Home' Trinidad and Tobago Guardian : July 20th 2014 Contents JULY 20 • 2014 www.guardian.co.tt SUNDAY BUSINESS GUARDIAN
STOCKS | SBG17
Some investors have been waiting for the rug
to be pulled from underneath this market, with
record high stock market levels and valuations
feeling "toppy." Yet, it hasn t happened. The
Dow Jones Industrial Average (DJI) hit another
all-time high this week and investors struggle
with a fine balancing act of eking out the last bit of gain from
this market, versus standing on the side lines and missing out
on more of a rally. It is hard to recognise a market that is at
its very peak.
Henry Blodget, co-founder and CEO of Business Insider,
has been warning of a market collapse all year and believes
that when it happens, it will happen in frenzied fashion. He
tells me, "If history is prologue... there s going to be a mad
rush for the exit."
When asked about the timing of this market plunge that
he has been predicting since the year began, he refrained from
providing a timetable in the interview saying, "Nobody knows
and we won t know until hindsight."
But knowing vaguely when it could happen is crucial for
knowing when to execute an exit strategy. Seeking signs,
investors are looking for exit signals from the Fed, the markets
and even industry insiders. Volatility (VIX) and trading activity
remain extremely low, another sign of a market nearing the
top, according to technicians. Yet the markets continue to hit
fresh all-time highs.
So how will a fall from the top look?
Blodget says the market exodus will happen in a flash. "I
think that the idea that there suddenly will be a light that
changes from green to red and everyone who wants to exit
can exit quietly and the market will quietly go down is crazy."
There are two factors Blodget is watching as signs of impend-
ing market turnaround. First, he is watching the Fed and any
change in direction. He believes that when the Fed begins to
tighten policy, it is usually a harbinger of a pullback. The Fed,
which is not moving rates just yet, has said it will begin to
pull in the reins on its bond buying activity in October. That
piece is set in motion, only to accelerate.
Blodget is also keeping watch on corporate profit margins;
which are at record levels. He says if we see any breakdown
in those margins to even "normal" levels, we could see a reason
for the market to turn.
Even with Blodget s prediction, he says it isn t necessarily
a call to action for investors. Whether you short, sell or buy
into a falling market depends on your goals. "It is different
for every investor. There s no uniform position...if you re
investing for retirement with a time horizon of 10-20 years,
there s no reason to do anything," he says.
And as history reminds us, even a frothy market can keep
giving for many months or years more. Blodget says, "We saw
in the late 1990s that this (bull market) condition can last for
years. The bulls will point out it has been more expensive than
this in the past."
Shibani Joshi for Yahoo Finance
Gold was down 2.0 per cent on Monday, but it has
just come off its highest levels in nearly four months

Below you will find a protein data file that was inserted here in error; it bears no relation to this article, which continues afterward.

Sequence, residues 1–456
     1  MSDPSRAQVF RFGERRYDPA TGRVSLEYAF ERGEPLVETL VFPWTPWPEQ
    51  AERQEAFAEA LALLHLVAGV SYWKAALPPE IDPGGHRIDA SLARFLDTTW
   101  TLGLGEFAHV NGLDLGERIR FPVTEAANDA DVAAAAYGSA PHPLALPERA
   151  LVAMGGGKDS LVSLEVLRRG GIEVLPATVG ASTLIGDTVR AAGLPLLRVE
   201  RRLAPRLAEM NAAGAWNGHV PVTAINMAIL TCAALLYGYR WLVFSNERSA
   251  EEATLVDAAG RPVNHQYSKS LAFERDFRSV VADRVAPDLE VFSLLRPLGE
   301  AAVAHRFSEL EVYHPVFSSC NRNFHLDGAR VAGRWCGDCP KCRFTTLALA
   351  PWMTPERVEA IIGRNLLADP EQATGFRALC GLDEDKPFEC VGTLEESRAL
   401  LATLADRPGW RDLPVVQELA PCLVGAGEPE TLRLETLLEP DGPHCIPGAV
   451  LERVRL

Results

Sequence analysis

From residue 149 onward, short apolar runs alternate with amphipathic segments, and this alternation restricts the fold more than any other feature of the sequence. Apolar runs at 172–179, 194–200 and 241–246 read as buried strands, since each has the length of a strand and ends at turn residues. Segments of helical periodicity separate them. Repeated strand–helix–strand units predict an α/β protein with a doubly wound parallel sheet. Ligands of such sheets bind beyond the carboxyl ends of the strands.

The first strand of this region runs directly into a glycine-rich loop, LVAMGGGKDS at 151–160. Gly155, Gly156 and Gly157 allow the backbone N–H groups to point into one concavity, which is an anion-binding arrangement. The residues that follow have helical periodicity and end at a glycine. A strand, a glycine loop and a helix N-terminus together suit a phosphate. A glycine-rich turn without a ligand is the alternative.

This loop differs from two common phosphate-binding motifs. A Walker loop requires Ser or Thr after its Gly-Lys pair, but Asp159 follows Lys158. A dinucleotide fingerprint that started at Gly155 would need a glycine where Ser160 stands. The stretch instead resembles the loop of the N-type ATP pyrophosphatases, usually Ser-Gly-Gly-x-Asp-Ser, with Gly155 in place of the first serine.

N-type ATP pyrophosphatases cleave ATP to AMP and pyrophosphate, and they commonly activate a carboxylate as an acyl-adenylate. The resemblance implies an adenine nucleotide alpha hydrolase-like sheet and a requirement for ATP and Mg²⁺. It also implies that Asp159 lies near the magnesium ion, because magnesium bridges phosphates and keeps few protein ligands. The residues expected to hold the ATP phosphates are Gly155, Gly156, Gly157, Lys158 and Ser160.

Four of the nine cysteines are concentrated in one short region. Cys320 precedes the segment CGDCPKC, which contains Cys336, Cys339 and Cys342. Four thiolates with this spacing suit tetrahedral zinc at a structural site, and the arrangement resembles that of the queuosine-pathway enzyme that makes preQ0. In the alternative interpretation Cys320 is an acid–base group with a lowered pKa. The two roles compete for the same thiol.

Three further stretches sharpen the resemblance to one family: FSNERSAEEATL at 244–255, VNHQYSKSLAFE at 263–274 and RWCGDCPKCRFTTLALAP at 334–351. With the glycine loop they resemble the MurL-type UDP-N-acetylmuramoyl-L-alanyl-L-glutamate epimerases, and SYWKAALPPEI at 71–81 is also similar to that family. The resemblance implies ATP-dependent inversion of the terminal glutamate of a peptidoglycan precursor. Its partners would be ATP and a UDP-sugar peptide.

after worries over Europe s banking system subsided.
Gold settled at US$1,306.70 per ounce.
But, those hoping to use the current pullback as a
chance to jump into the yellow metal may want to
think again, according to Gina Sanchez, founder of
"Interest rates are going to go up," said Sanchez, a
CNBC contributor. "Even if they re not going to go up
by a lot, eventually they re going to go up and that s
bad for gold."
Seemingly dovish comments by Federal Reserve
Chair Janet Yellen as well as geopolitical tensions also
helped gold move up over the past several weeks. But,
Sanchez believes not enough attention is being paid
to the federal funds rate, which is currently targeted
between 0 and 0.25 per cent.
"The expectation, even from the Fed, even given
Janet Yellen s comments, is that by the end of 2015,
they re at least going to be up to 1.0 per cent; by the
end of 2016, up to 2.25 per cent," Sanchez said. "That
will be bad for gold and you re going to have to take
that into consideration."
On the other hand, Richard Ross, global technical
strategist at Auerbach Grayson, is a fan of gold.
"I published a report on Friday where I called gold
a trading buy," said Ross, a "Talking Numbers" con-
tributor. "So, if I liked it on Friday, I m probably going
to have to like it down 2 ½ per cent from Friday s
Ross acknowledges that the gold chart of the past
year may justify scepticism in some toward technical
in analysis. However, he sees one indicator as working
in the chart, at least in the short-term: the 150-day
moving average, currently around US$1,287 per ounce.
As long as gold trades above that level, it can be a buy,
according to Ross.
"It was a floor in the past, and it s been a floor
before," Ross said. "That s a level you want to keep a
close eye on for short-term traders."
Nevertheless, longer-term traders may have trouble
trading gold at the moment. "It s very difficult to have
high conviction when the chart moves sideways like
this," Ross said. "The best thing to do is look for charts
that are trending, and clearly, gold is not a trending
One example Ross gives is the bullish flag formation
that began in June. But, rather than heading higher,
gold broke lower. "That should have been a continuation
to the upside last week," said Ross. "We ve come in
on Monday and they ve pulled the football away like
in Peanuts and we re down 3.0 per cent. This is a tough
chart to trust (and) it s a tough chart to trade."
Yet Ross doesn t think traders should give up on
gold. "I d still be a trading buyer here," he added.
"Use that $1,287 down to $1,282 as a stop."
Two signs a market crash is coming
Why gold is so tough
to trade right now
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